FDA Seeks Comments on Rare Disease Clinical Trials Network
June 1, 2020
Rare Daily Staff
The U.S. Food and Drug Administration is seeking comments about how it should best establish and sustain global clinical trial networks for a range of rare diseases.
The call follows efforts by the agency to establish a Rare Disease Cures Accelerator to support innovation and quality in the drug development pipeline for rare diseases.
Rare disease therapies for the first time in 2018 represented the majority of new molecular entities approved by the agency, but less than 10 percent of the estimated 7,000 known rare diseases having an approved therapy available. The FDA is hoping to address challenges of rare disease drug development, such as the small patient populations and heterogeneity of rare diseases, through a cooperative approach and common standardized platforms to better characterize rare diseases, incorporate the patient’s perspective in clinical outcome assessment measures, and build clinical trial readiness in the pre-competitive space.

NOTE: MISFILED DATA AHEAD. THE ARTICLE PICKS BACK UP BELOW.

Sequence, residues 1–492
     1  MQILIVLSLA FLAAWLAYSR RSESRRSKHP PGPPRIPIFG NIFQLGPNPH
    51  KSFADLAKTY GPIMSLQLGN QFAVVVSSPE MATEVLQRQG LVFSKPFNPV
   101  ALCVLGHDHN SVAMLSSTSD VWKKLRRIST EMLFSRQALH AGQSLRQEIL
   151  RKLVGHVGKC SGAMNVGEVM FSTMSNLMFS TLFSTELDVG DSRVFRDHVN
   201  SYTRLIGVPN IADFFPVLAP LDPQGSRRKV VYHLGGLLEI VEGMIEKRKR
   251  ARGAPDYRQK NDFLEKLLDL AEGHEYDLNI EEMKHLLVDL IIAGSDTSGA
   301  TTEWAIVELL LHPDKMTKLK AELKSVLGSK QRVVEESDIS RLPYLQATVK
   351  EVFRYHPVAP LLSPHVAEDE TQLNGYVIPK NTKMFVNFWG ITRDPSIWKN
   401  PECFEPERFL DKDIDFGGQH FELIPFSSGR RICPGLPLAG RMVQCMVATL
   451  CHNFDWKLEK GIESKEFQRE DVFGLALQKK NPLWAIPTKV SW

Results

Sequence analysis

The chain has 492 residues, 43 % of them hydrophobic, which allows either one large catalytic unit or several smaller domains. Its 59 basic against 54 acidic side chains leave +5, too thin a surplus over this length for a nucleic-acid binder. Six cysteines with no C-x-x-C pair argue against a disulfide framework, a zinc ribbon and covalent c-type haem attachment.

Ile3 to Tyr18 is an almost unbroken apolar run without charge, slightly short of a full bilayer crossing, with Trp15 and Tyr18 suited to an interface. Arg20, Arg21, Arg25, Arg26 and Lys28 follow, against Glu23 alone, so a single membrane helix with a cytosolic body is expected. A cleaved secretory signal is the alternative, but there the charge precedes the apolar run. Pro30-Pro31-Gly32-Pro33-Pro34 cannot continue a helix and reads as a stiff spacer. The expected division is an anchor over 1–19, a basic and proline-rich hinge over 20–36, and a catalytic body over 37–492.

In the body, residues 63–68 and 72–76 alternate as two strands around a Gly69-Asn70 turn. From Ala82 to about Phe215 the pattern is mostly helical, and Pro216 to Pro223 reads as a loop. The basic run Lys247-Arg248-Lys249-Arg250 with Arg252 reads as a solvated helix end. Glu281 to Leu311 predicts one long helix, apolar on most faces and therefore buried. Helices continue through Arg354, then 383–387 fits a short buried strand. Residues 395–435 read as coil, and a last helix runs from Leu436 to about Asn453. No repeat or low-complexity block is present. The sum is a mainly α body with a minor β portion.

In September 2019, it began building capabilities including a data analytics platform to promote the secure sharing of existing patient-level data and encourage the standardization of new data collection. It also began a pilot grant program to develop standard core sets of clinical outcome assessments and endpoints for specific disease indications as part of the agency’s patient-focused drug development efforts.
The agency is seeking comments from patients, patient advocates, researchers, health professions, industry, and others about the long-term objectives of a global clinical trials network, how it should be structured and governed, opportunities to leverage, and infrastructure and funding requirements. It would also like to hear thoughts on milestones and timelines, as well as potential challenges and barriers to consider.
Comments are due by July 31. Additional information including questions that could be addressed can be found online at the Federal Register notice.
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